The BFAR also released in 2007 a guidebook to help local governments address the negative environmental impacts associated with aquaculture. It is an educational publication that gives an overview of aquaculture in the Philippines, and outlines local and national aquaculture management policies.
Fish farmers have been making use of sustainable management practices that keep aquaculture non-detrimental to fish populations. These include organic aquaculture and aquaculture based on carrying capacity.
Meanwhile, environment and sustainability researchers from different parts of the world crafted a “wheel of sustainability” that they suggest can be used as a tool when creating certification schemes for aquaculture firms.
Annual fishery closures
In some areas like the Zamboanga Peninsula and Palawan, Philippine authorities implement annual fishery closures to prevent overfishing. Overfishing happens when fish are caught faster than they are able to reproduce.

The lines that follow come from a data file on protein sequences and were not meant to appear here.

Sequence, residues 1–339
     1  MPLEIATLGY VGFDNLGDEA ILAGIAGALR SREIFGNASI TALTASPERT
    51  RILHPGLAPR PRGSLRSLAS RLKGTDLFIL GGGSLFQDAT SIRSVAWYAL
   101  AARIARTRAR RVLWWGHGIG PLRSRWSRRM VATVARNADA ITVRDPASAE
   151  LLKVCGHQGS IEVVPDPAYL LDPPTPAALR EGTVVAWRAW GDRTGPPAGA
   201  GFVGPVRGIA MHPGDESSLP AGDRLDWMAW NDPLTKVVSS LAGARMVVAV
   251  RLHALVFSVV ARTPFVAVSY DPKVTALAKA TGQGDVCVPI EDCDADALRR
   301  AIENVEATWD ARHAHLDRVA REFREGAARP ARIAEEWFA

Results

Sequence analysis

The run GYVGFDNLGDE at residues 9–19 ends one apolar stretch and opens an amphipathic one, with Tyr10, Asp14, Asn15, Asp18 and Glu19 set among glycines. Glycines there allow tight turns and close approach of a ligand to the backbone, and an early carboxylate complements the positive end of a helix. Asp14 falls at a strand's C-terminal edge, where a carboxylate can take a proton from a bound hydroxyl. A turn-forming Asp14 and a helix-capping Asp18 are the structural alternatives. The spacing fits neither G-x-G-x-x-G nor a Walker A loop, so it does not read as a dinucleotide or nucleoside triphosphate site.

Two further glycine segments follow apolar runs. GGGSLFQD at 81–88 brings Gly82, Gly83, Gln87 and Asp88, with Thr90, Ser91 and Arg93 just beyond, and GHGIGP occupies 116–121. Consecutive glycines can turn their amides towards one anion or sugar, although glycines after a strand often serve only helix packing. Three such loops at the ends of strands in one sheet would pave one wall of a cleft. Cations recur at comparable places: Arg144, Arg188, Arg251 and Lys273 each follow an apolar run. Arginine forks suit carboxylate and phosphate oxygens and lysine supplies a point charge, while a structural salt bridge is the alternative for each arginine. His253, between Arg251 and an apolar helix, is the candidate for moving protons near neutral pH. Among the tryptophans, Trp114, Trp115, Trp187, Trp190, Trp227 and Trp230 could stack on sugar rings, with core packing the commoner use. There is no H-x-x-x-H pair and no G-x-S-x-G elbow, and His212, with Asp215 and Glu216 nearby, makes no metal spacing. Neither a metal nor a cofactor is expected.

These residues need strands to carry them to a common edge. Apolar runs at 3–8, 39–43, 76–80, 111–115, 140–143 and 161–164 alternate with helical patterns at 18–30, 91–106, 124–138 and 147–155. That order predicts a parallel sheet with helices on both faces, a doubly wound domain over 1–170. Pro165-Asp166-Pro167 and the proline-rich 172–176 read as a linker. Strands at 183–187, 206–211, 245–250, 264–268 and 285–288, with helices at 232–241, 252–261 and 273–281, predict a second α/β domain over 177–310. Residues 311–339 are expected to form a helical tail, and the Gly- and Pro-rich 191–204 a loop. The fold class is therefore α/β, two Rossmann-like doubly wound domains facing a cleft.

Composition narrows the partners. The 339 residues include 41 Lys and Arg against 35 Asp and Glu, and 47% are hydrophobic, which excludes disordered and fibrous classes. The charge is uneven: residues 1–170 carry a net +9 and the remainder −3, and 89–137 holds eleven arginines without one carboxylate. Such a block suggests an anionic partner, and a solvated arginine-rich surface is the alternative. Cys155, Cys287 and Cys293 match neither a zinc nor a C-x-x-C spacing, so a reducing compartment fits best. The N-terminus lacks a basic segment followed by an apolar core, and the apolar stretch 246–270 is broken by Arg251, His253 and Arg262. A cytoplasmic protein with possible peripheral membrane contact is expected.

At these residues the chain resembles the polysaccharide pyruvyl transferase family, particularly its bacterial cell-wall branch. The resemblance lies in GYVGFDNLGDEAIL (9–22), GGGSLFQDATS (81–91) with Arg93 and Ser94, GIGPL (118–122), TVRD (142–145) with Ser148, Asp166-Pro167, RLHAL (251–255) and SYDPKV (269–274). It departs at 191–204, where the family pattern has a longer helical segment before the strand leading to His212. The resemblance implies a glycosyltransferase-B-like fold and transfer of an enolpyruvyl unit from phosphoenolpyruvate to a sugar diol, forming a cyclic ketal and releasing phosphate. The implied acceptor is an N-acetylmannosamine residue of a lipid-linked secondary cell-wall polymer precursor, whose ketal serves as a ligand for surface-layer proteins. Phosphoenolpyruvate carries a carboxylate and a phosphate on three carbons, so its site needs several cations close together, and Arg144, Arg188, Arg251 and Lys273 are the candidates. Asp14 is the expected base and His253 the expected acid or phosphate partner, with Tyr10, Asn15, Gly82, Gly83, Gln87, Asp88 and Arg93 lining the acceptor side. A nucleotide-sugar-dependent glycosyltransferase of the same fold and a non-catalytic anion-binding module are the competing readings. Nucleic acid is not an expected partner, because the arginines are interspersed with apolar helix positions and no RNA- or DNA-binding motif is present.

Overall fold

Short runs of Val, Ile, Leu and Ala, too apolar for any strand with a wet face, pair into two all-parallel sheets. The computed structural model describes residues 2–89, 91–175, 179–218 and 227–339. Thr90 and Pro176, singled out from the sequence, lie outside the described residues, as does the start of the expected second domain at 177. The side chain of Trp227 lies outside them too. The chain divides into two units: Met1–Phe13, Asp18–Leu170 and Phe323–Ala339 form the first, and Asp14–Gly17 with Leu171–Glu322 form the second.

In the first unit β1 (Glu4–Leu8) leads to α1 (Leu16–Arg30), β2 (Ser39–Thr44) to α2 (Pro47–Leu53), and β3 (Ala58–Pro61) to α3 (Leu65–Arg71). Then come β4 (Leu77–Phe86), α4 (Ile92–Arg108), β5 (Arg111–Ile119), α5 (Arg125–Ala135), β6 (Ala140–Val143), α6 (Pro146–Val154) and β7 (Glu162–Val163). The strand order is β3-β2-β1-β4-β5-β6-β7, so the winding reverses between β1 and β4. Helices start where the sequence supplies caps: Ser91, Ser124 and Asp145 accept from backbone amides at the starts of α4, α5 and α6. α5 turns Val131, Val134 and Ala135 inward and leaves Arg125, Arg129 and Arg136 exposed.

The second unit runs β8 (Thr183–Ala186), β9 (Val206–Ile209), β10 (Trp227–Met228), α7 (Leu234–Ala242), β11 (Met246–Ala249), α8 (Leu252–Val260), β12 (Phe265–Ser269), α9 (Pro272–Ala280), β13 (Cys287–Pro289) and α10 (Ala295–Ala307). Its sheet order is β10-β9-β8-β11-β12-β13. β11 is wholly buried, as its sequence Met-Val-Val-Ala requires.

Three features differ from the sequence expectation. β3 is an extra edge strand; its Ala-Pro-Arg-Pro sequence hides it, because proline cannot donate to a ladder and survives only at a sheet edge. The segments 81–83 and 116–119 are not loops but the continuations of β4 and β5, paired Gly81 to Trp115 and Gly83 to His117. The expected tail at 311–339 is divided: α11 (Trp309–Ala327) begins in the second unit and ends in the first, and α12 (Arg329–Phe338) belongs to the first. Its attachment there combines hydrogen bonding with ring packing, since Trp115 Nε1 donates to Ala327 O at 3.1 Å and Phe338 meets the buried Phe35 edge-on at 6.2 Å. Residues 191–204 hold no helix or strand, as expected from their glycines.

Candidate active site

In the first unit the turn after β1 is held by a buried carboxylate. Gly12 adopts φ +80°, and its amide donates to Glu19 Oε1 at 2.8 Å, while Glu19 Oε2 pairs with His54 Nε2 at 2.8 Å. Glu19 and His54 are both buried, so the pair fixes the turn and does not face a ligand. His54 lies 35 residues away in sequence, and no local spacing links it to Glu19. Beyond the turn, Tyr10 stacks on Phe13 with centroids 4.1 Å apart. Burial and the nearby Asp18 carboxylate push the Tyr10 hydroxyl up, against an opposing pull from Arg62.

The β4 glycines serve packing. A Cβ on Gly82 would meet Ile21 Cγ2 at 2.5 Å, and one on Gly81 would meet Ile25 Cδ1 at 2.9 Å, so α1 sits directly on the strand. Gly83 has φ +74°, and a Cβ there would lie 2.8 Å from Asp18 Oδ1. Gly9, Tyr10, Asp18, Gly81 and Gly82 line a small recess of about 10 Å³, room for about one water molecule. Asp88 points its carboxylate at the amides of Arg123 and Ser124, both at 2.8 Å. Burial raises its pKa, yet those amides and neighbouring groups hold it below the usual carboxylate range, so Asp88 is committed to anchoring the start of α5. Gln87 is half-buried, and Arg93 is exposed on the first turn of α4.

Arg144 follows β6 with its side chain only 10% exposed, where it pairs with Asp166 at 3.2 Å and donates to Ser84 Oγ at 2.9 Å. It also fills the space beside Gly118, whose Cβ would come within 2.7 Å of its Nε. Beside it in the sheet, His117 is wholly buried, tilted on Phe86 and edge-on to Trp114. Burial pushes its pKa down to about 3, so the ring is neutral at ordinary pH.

For instance, in the Zamboanga Peninsula’s annual fishery closures, a conservation area is closed for commercial-scale harvests of sardines for three months every year.
The International Union for Conservation of Nature noted that the fishing of Bali sardinella in Zamboanga became more sustainable because the government began implementing these closures beginning December 2011.
In Balayan Bay in Luzon, fishers, vendors, and consumers have noticed an increase of juvenile sardines in the market right after the seasonal closure period, according to a report from the Ecosystems Improved for Sustainable Fisheries, a five-year USAID-supported project that ended in 2017.
Despite the success stories, some experts see these annual closures as insufficient in themselves. They need to be combined with other management measures that aim to reduce the fishing effort, increase the resilience of spawning stocks, and protect coastal habitats.